Adding collections.Counter - int

I propose to add the following API to collections.Counter:

print(MyCounter("aaabb") - 2)
# => Counter({'a': 1})

Example implementation here

Why? What real-world code would use something like this? To be clear, to add this to the stdlib would need more than just one use case (i.e., “I’d use it in my code” isn’t enough) - it would have to simplify a non-trivial class of problems.


I needed that a few times, though not for something important. I think I did it like this:

from collections import Counter

ctr = Counter("aaabb")
ctr -= Counter(dict.fromkeys(ctr, 2))
print(ctr)  # Counter({'a': 1})

Saying ctr -= 2 would indeed be nicer.

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I find the idea of “subtracting 2” from a mapping object (which a Counter still is, even if it’s a very special mapping) to be very strange. I much prefer more explicit versions – either @pochmann’s suggestion:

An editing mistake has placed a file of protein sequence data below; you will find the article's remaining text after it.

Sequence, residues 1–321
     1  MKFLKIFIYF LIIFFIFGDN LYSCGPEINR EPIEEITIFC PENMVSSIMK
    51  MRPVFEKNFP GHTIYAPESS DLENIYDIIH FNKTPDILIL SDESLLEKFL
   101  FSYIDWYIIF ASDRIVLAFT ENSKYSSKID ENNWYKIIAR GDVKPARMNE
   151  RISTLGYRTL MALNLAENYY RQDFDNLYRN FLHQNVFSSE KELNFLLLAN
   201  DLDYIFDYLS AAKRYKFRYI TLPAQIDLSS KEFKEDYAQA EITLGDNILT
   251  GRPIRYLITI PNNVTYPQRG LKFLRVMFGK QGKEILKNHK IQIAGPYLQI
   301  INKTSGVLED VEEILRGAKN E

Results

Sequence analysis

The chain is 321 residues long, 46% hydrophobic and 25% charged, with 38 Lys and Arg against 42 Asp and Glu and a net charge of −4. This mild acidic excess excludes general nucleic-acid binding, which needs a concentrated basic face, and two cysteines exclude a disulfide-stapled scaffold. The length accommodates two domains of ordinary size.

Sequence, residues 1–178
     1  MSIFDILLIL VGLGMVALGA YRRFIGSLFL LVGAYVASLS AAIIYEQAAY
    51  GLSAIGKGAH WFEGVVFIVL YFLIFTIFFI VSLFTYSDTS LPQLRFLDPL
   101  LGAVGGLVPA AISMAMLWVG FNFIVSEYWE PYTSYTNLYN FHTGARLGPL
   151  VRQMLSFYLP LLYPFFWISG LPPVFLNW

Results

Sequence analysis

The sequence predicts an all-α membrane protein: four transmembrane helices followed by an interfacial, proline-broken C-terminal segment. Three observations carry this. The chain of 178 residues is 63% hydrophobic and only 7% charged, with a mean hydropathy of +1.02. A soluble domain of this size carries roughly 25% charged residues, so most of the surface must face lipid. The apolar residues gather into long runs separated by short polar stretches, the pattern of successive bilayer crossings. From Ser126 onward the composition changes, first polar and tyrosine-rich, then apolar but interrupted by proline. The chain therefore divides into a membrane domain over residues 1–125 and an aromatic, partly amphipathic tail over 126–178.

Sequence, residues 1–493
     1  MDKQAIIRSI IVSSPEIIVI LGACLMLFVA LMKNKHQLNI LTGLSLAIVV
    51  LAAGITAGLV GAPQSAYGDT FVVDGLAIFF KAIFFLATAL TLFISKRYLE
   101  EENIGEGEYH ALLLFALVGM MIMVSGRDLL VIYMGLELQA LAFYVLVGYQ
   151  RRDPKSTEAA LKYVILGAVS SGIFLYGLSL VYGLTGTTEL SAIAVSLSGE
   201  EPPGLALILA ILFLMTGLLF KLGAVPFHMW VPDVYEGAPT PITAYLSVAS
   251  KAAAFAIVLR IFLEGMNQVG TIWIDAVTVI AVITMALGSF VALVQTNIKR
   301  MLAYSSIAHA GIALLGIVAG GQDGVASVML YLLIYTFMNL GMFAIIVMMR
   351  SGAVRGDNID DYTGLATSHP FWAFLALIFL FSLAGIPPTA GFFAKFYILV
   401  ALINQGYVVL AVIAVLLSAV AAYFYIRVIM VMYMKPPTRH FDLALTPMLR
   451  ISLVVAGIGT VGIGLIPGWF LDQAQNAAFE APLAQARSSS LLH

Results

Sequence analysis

c = Counter("aaabb")
new = c - Counter(dict.fromkeys(ctr, 2))


c = Counter("aaabb")
new = Counter({k: v - 2 for k, v in c.items()})

I’ve needed this a few times, but I don’t have “proof of usefulness” other than that.

@AlexWaygood to be identical your second implementation should be

c = Counter("aaabb")
new = +Counter({k: v - 2 for k, v in c.items()})

(Note the +)

I think that’s the next best alternative. The fromkeys variant is much less obvious IMO.

How about c - Counter(list(c) * 2) or c - Counter({k: 2 for k in c}) ?

Lot of ways to concisely and explicitly make a Counter where everything is 2, and that avoids the +Counter syntax which looks very odd to me personally.

@jamestwebber I like the latter expression. The former is very inefficient for all but tiny counts.